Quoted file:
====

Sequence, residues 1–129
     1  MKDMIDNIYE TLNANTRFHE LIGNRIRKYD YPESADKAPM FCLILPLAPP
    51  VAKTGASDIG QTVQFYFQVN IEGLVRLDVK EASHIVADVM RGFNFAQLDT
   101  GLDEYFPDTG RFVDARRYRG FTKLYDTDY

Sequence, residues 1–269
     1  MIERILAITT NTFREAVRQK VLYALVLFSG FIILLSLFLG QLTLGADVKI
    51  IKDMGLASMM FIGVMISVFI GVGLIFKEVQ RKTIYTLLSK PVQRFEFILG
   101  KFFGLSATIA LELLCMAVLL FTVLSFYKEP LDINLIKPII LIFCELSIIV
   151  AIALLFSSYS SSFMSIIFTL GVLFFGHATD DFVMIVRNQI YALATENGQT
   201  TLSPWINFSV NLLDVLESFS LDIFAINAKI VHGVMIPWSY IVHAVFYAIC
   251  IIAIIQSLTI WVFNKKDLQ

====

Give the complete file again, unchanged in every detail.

Sequence, residues 1–129
     1  MKDMIDNIYE TLNANTRFHE LIGNRIRKYD YPESADKAPM FCLILPLAPP
    51  VAKTGASDIG QTVQFYFQVN IEGLVRLDVK EASHIVADVM RGFNFAQLDT
   101  GLDEYFPDTG RFVDARRYRG FTKLYDTDY

Sequence, residues 1–269
     1  MIERILAITT NTFREAVRQK VLYALVLFSG FIILLSLFLG QLTLGADVKI
    51  IKDMGLASMM FIGVMISVFI GVGLIFKEVQ RKTIYTLLSK PVQRFEFILG
   101  KFFGLSATIA LELLCMAVLL FTVLSFYKEP LDINLIKPII LIFCELSIIV
   151  AIALLFSSYS SSFMSIIFTL GVLFFGHATD DFVMIVRNQI YALATENGQT
   201  TLSPWINFSV NLLDVLESFS LDIFAINAKI VHGVMIPWSY IVHAVFYAIC
   251  IIAIIQSLTI WVFNKKDLQ